Tag Archives: OneSpace

OneSpace orbital launch fails

Capitalism in space? The first orbital launch attempt by China’s smallsat company OneSpace failed today.

No information about the cause of the failure or what happened has been released as yet.

I’m going to say this again: While OneSpace is financed through private capital, like a private company, it is also supervised closely by the Chinese government. It is hardly a private company as we in the West would define it.

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Second Chinese company completes suborbital rocket test

For the second time this week, a Chinese “private” company successfully completed a suborbital rocket test.

This time the launch was by OneSpace, which should not be confused with the other company, iSpace. As with iSpace, the rocket used was a solid rocket, which once again makes me think it is doing work for the Chinese military, and is therefore not as independent or as private as Americans normally consider private companies.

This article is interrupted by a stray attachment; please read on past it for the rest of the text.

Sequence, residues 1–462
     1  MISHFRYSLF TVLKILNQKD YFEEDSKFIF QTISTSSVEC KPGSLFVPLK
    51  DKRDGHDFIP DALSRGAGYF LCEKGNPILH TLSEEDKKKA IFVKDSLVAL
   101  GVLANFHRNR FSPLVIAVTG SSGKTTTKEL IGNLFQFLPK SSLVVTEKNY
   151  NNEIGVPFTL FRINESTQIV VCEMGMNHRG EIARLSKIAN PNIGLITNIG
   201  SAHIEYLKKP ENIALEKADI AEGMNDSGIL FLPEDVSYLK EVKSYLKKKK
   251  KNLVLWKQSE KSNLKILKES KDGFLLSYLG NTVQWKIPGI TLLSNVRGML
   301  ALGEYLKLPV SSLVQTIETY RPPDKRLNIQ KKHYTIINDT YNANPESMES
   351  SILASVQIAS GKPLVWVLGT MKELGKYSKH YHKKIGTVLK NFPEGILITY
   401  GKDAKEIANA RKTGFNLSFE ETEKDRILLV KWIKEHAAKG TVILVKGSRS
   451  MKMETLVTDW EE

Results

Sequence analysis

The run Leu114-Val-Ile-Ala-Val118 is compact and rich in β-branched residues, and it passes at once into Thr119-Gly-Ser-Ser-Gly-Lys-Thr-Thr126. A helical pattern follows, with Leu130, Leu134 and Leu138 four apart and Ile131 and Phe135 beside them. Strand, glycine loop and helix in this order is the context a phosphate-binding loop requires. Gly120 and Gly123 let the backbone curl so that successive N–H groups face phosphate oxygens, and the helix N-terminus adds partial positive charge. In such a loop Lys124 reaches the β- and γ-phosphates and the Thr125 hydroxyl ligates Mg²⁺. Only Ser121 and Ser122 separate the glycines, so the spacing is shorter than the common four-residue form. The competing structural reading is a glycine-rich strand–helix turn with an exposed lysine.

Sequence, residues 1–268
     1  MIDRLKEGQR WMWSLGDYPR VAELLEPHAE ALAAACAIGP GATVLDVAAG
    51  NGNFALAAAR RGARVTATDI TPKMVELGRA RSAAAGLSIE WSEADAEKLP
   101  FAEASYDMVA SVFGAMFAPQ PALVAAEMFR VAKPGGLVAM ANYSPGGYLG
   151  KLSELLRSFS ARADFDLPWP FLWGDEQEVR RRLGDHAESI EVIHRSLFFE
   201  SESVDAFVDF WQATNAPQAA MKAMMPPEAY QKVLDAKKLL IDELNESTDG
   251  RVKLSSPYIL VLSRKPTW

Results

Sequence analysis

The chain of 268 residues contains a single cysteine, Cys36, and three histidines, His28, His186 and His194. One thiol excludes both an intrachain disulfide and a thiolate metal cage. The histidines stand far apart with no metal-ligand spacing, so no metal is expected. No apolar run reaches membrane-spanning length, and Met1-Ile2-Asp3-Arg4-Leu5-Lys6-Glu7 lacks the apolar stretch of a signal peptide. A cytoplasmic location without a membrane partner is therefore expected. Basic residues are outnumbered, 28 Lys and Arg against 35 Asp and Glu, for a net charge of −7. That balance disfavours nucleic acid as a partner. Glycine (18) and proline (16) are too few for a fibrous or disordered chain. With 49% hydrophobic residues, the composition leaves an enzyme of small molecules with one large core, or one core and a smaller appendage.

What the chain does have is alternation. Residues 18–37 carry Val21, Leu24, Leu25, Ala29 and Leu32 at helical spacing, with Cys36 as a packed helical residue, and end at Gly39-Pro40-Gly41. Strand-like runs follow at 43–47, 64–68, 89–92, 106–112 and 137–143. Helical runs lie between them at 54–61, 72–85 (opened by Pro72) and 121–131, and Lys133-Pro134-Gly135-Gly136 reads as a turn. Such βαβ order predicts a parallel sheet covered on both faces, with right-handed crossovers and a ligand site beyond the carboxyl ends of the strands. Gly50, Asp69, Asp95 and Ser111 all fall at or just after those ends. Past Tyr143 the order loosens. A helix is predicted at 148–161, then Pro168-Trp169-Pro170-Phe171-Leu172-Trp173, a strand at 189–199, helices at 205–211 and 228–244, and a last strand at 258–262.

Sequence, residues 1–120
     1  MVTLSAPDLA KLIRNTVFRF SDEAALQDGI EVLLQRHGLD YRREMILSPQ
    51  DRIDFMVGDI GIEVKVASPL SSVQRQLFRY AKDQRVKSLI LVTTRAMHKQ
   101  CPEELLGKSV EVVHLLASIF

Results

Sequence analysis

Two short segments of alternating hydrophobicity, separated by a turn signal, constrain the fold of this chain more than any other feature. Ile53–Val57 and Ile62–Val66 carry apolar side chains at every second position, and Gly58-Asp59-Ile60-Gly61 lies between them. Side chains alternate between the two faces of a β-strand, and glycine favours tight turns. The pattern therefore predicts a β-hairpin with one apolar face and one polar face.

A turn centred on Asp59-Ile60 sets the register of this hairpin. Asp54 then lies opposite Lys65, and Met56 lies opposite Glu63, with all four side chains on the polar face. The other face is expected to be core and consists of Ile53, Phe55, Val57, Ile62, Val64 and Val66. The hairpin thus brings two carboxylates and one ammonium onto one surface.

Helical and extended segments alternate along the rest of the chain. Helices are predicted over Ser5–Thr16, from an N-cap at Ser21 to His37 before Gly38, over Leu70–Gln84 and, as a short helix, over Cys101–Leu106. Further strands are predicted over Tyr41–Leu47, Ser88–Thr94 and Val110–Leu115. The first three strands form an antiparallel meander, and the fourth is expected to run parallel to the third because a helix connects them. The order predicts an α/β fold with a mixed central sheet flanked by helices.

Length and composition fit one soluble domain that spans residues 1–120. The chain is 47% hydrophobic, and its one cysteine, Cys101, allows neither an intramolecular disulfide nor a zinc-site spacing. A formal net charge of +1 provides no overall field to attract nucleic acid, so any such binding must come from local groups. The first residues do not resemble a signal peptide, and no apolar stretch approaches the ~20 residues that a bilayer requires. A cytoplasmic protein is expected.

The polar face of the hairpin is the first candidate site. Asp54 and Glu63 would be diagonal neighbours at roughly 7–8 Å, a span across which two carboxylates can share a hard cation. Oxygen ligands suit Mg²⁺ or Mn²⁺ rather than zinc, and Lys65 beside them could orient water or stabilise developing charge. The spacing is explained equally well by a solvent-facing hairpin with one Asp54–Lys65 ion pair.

Moreover, the launch was filmed by one of China’s spy satellites, also suggesting the military’s interest in this rocket company’s development. You can see both a ground-based and that satellite’s view of the launch at the link.

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“Private” Chinese company successfully completes 1st suborbital launch

A Chinese company has successfully completed its 1st suborbital launch of a test rocket aimed at the smallsat market.

The news reports from China tout this company as private and commercial, and that might be so, but then there’s this:

China opened its space sector to private capital around 2015 and encouraged technology sharing through a civil-military integration reform policy, and the impacts are now becoming apparent.

OneSpace itself has received support from the State Administration for Science, Technology and Industry for National Defence (SASTIND), and has raised 500 million yuan (US$77.6m) through finance rounds, according to Tencent Technology.

The company might be called private, but it is also under the thumb of the Chinese government, which at any time can take it over or shut it down. At the moment the government is supporting its development, probably in the hope that China can grab some of the market of the smallsat boom expected in the next decade.

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